President Ranil Wickremesinghe has urged all political leaders to exhibit responsibility in their approach to the International Monetary Fund (IMF) program.
He emphasized that those opposing the program should provide concrete proposals to rescue the country from financial crisis.
The President cautioned against engaging in rhetoric merely for public appeasement without shouldering responsibilities, noting that such political tactics could lead the nation back into economic turmoil.
The President underscored that, despite facing blame and acknowledging the challenge of making tough decisions, individuals resorting to popular statements exhibit an unwillingness to take necessary measures. Emphasizing the absence of alternative options to salvage the country’s economy, he reiterated the initiation of the program with the IMF.
President Ranil Wickremesinghe made these remarks while participating in the inauguration of the Karaliya Convention Centre and Performing Arts at Kandy Municipality on Sunday (17).
Following the country’s descent into bankruptcy, the administration had to engage with two distinct groups. Several nations extended loans, including India, China, Japan and entities associated with the Paris Club.
While India and other organizations participated in discussions within the framework of the Paris Club concerning these loans, separate negotiations were held with China. The President highlighted that, akin to Sri Lanka, other nations grappling with bankruptcy also confronted similarly challenging circumstances.
"Divided into three distinct groups—India on one side, the Paris Club on the other and China forming the third—the government initiated dialogues with each, facilitated by the Lazard team. The negotiations adhered to the terms set forth by the IMF. In a significant milestone, the administration successfully secured the initial agreement with the IMF and devised a debt restructuring plan that garnered acceptance from India, China and the Paris Club. Consequently, the first instalment of the loan, as stipulated by the IMF, has been received", he noted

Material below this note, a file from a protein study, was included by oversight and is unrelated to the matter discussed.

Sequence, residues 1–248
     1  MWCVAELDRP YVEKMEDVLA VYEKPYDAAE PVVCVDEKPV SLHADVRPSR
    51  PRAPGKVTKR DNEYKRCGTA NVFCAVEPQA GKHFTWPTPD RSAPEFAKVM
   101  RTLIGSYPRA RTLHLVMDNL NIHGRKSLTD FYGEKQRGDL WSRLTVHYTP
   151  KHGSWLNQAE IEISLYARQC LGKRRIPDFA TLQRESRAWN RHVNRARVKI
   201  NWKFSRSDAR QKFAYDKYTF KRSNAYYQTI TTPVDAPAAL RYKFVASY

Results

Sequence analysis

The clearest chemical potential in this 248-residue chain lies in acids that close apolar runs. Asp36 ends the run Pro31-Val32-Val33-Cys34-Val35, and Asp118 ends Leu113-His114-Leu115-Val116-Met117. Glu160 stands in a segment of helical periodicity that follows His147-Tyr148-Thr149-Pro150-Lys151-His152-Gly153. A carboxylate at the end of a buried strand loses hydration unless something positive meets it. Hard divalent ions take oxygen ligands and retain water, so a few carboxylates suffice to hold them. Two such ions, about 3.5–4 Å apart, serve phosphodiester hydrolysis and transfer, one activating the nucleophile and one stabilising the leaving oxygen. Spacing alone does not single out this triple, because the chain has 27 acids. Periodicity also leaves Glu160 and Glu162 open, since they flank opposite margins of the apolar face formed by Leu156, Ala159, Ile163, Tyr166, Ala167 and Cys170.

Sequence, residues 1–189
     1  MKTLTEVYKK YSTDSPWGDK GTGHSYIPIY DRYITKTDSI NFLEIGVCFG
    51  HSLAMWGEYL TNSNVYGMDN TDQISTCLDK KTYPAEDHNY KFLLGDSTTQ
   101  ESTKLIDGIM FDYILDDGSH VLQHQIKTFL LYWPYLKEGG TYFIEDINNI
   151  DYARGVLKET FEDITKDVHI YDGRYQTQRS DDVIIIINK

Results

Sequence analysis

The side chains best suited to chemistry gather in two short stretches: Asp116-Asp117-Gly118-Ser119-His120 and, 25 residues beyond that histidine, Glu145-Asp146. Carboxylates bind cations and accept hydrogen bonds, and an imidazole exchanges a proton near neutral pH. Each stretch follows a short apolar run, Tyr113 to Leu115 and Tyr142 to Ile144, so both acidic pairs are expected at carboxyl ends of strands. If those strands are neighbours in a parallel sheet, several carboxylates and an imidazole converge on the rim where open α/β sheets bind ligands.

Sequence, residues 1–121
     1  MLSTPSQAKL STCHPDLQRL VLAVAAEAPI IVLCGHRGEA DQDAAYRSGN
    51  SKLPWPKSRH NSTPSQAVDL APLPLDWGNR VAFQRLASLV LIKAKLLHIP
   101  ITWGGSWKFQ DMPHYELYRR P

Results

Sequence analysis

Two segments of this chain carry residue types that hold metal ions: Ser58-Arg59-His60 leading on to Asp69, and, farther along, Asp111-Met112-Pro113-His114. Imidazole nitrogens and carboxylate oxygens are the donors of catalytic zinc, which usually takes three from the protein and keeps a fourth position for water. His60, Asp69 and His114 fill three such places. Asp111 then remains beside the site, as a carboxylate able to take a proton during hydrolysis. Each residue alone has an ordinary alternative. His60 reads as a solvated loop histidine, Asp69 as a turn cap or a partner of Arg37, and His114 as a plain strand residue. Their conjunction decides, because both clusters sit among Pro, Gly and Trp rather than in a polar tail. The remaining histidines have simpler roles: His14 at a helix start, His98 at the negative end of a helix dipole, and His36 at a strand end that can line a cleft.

Engaging in a series of diplomatic dialogues, President Wickremesinghe held discussions with the Secretary of the Treasury in the United States. Following this, deliberations were conducted with the President, Prime Minister and Finance Minister of Japan. Subsequently, meetings were held with the Finance Minister and the Prime Minister of India. A visit to China ensued, during which discussions were conducted with the President and Finance Minister of China.
Negotiations were held with the Japan International Cooperation Agency (JICA), which serves as an aid organization. However, there is a notable absence of similar aid organizations in China. Despite this, negotiations were successfully conducted with China’s Exim Bank, culminating in the challenging acquisition of the loan agreement.
Examining the situation in Zambia, it is evident that they remain entangled in a predicament. The absence of consensus on credit review has emerged as a significant impediment for them.
Explaining further, President Wickremesinghe said;
“Our next step involves heading to London to engage in negotiations with private creditors. Successfully emerging from bankruptcy has paved the way for us to regain access to credit, facilitating the commencement of development initiatives in the near future. The upcoming year will witness a surge in development projects, marking a significant milestone achieved through agreements pertaining to loans from the IMF and other nations.